Prepare to be confused. ;-)
The names have been changed and changed and changed to protect the innocent.
Let's go back to the beginning.
Cupcake's birthmother gave her a name that is common in both English and Spanish, but she used an unusual spelling. Her given name was something like "ARRIANNA MARIA RIVA LOPEZ" with two 'R's and two 'N's in the first name. When we were matched with Cupcake, we decided to keep her original first and middle names with the unusual spelling as a way to honor her birthmother.
In English, the common spelling would be ARIANNA. (one 'R', two 'N's)
In Spanish, the common spelling would be ARIANA. (one 'R', one 'N')
Her official name would be ARRIANNA. (two 'R's, two 'N's)
So, on our pick-up trip, the morning of the Embassy appointment, our lawyer arrives with the paperwork. After nearly three years of adoption paperwork, we knew one thing...ALWAYS CHECK EVERY DETAIL AT LEAST FIVE TIMES. READ IT FORWARD. READ IT BACKWARD.
When Cupcake's birth city issued a new birth certificate listing us as parents, they misspelled her name. They spelled it "ARRIANA" (two 'R's, one 'N'), which is misspelled in any language. Her official name was now "ARRIANA MARIA SMITH". Unfortunately, all the embassy paperwork uses the birth certificate, so her Passport, Visa, and Cerificate of Citizenship are all spelled wrong. Our only choices at that time were to stay indefinitely in Guatemala to fix it, or fix it in America after the fact. We chose to come home.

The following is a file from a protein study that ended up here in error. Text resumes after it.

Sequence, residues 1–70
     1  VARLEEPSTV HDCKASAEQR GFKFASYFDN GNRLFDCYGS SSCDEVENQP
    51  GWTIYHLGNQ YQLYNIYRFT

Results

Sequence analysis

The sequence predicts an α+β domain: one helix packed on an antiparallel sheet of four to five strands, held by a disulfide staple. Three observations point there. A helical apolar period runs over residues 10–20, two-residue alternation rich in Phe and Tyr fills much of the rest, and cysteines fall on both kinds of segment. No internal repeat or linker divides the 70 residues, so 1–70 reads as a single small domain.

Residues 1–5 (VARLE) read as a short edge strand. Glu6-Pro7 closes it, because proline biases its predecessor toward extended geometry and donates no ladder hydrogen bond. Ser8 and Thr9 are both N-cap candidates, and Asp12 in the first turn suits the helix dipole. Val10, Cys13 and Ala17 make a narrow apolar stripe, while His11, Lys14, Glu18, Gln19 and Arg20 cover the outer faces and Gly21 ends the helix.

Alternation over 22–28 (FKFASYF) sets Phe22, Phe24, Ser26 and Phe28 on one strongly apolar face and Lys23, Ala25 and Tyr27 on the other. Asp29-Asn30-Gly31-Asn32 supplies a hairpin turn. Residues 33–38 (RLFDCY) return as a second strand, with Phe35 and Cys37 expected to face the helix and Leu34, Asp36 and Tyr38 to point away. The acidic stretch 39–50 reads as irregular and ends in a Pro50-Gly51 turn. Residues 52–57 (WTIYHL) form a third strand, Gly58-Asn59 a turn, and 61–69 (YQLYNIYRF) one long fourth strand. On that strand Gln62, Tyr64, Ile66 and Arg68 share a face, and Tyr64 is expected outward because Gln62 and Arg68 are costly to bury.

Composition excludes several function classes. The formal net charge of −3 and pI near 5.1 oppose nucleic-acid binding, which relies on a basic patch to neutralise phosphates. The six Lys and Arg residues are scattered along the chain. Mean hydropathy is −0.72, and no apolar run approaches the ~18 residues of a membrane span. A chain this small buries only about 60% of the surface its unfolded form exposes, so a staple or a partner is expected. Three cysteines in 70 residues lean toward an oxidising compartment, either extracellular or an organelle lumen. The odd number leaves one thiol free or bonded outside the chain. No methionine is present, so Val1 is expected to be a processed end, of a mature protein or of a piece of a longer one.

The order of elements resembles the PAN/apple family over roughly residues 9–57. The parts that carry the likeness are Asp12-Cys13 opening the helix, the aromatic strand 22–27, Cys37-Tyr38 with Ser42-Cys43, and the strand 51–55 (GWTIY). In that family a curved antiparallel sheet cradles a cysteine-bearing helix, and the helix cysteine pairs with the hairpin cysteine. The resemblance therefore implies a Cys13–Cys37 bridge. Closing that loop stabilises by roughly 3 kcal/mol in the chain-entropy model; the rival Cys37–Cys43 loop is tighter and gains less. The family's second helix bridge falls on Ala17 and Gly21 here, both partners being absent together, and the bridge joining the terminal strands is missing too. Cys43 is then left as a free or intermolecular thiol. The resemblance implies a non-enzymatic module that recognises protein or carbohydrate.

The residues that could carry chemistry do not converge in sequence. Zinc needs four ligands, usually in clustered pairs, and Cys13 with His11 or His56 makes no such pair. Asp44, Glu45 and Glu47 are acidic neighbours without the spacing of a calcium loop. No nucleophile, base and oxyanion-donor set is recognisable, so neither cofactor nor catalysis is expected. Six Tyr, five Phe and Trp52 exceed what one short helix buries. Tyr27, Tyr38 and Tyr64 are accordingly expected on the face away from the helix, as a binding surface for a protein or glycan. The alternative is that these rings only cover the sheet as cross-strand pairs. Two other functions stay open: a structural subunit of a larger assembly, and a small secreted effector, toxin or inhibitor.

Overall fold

Our best option here in Missouri was to proceed with the hearing which took place yesterday. As we were proofreading we noticed something. On the paper that dealt with the name change it read, "The minor child, ARRIANNA MARIA SMITH f/k/a (formerly known as) ARRIANNA MARIA RIVA LOPEZ...will be known as ARRIANNA MARIA SMITH." That first name should have only one 'N' because it is the misspelled name that is being changed. So, our lawyer took the paper off and had someone white out one of the 'N's. Then we were called into the chambers.
After the hearing, the bailiff handed us our papers. As we proofread them again, we noticed that they had whited out the wrong 'N'!!!!! They had whited out the second 'N' in the second name. Can you say, "PANIC!"? Our lawyer had already gone into the chambers for the next hearing. We waited for him to come out. We pounced.
"Don't worry," he tells us. We've heard that before.
In fact, they were able to white out the correct 'N', type a new 'N' where the old one had been whited out, and refile it. All in about 15 minutes!
YEAH!!! I love America!
Her name is officially correctly and properly changed, though the court documents are not pretty!
And the moral of the story is: ALWAYS, ALWAYS, ALWAYS PROOFREAD YOUR DOCUMENTS!
THEN, PROOFREAD THEM AGAIN!
Blessings to you,
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